Chickens are becoming more popular as pets but so are reptiles, the average vet doesn't see them very often so they apply basic principles. To be better equipped vets need to go on CPD courses and buy in equipment, which all cost money.
I've never been to a practice who charge a new client fee of £50, that does sound unusual.

The link I posted comments on salaries, one of my friends has just graduated and is on £16,500 - I earned more than that in my office job without paying for 5 years of university.

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19 minutes ago, Lewis said:

It may be that they didn't have a definitive diagnosis but they performed some sort of examination and came up with a treatment plan that worked, so they had some sort of idea.

Chickens are becoming more popular as pets but so are reptiles, the average vet doesn't see them very often so they apply basic principles. To be better equipped vets need to go on CPD courses and buy in equipment, which all cost money.
I've never been to a practice who charge a new client fee of £50, that does sound unusual.

The link I posted comments on salaries, one of my friends has just graduated and is on £16,500 - I earned more than that in my office job without paying for 5 years of university.

I'll have to agree with you there because she does seem so much better! :-)

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I agree with Lewis - I work in a vets practice and I know how much it costs to run - they have special Insurance also be paid and to keep up with the new treatments and the new equipment - CPD and drugs - everything costs a lot and is getting more and more - the years of training as its a long long time to become a vet and usually you have to see practice in the hoidays with no chance of earning money - vets typically come out with a huge student debt and their wages are not as great as you think.   Chickens are becoming more popular as pets and are therefore treated as such rather than a commercial enterprise.  

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Some of my best friends are vets (!) and I know that compared to doctors they earn less, yet they also have to undergo extensive education and training with very high entrance requirements, so its not like they are less talented than a GP for instance.  I think that what is happening is that more and more vets practices are being bought out and end up being part of a larger commercial 'chain' where the profit motive is much clearer and much stronger.

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Posted (edited)
2 hours ago, Lewis said:

It may be that they didn't have a definitive diagnosis but they performed some sort of examination and came up with a treatment plan that worked, so they had some sort of idea.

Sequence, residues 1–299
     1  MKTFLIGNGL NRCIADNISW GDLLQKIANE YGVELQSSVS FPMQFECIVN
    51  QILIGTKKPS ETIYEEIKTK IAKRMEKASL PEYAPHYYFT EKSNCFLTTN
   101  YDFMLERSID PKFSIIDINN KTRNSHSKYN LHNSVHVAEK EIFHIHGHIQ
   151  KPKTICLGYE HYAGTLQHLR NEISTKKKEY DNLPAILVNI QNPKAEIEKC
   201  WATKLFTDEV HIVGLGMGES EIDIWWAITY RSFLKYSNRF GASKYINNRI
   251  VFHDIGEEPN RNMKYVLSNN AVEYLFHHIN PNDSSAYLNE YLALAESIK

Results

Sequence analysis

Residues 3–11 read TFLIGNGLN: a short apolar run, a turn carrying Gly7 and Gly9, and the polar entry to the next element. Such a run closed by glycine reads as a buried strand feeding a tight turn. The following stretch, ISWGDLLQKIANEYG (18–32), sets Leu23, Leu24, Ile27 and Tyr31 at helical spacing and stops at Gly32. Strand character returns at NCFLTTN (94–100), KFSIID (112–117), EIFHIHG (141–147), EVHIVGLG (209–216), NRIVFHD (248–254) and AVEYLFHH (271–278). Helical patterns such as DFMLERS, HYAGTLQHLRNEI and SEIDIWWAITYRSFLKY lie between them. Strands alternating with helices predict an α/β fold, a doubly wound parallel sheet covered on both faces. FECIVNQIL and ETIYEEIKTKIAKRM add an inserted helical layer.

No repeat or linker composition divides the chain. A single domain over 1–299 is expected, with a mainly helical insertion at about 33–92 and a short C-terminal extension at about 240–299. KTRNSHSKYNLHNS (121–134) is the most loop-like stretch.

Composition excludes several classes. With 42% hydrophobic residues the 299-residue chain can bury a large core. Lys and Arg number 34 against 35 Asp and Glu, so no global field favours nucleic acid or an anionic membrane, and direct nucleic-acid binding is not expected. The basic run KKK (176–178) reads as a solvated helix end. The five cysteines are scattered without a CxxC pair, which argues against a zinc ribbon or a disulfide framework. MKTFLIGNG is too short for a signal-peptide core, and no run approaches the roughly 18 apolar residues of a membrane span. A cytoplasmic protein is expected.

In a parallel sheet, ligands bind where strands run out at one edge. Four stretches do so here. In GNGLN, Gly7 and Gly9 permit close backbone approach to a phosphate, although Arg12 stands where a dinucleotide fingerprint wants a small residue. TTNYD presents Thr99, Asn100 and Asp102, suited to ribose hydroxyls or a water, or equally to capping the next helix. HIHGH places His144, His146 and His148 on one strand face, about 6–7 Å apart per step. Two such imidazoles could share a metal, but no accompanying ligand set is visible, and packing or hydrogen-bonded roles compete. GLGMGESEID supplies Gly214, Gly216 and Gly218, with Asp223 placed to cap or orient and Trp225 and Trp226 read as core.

Chickens are becoming more popular as pets but so are reptiles, the average vet doesn't see them very often so they apply basic principles. To be better equipped vets need to go on CPD courses and buy in equipment, which all cost money.
I've never been to a practice who charge a new client fee of £50, that does sound unusual.

The link I posted comments on salaries, one of my friends has just graduated and is on £16,500 - I earned more than that in my office job without paying for 5 years of university.

Goodness that is a low starting salary. That said 5 years in in teaching I wasnt on much better and that was 4 years of university too. But yes that is unexpectedly low.  

Am I right in thinking you are training to be a vet Lewis? 

Edited by Natspringy

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Yes, hopefully qualify next summer after 8 years (did a 3 year undergrad first)!
As BRR said, it's expensive and most students have to do 36 weeks of unpaid EMS placements to qualify. This summer I spent two weeks in a Travelodge so I could see practice at an Avian hospital and then a month volunteering at a charity neuter clinic in India doing surgery every day. It's completely my choice to go abroad but I had an amazing time, gained invaluable experience and I'm lucky enough that my parents paid for my flights, so I'm not playing the sympathy card :lol: It's just often people don't appreciate the reason for costs so just wanted to explain.

That salary is particularly low but there's a grad scheme offering £18k which I'm looking to apply for next year because again, the case load is great so will learn lots. The rise of corporate practices is meaning less vets are becoming partners in the practice so don't gain the profits that way, it all goes to the corporate business.

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I think dentists are the job to have :wink:

I just tried to get an appointment but apparently he only works Mondays, Tuesdays and Wednesdays.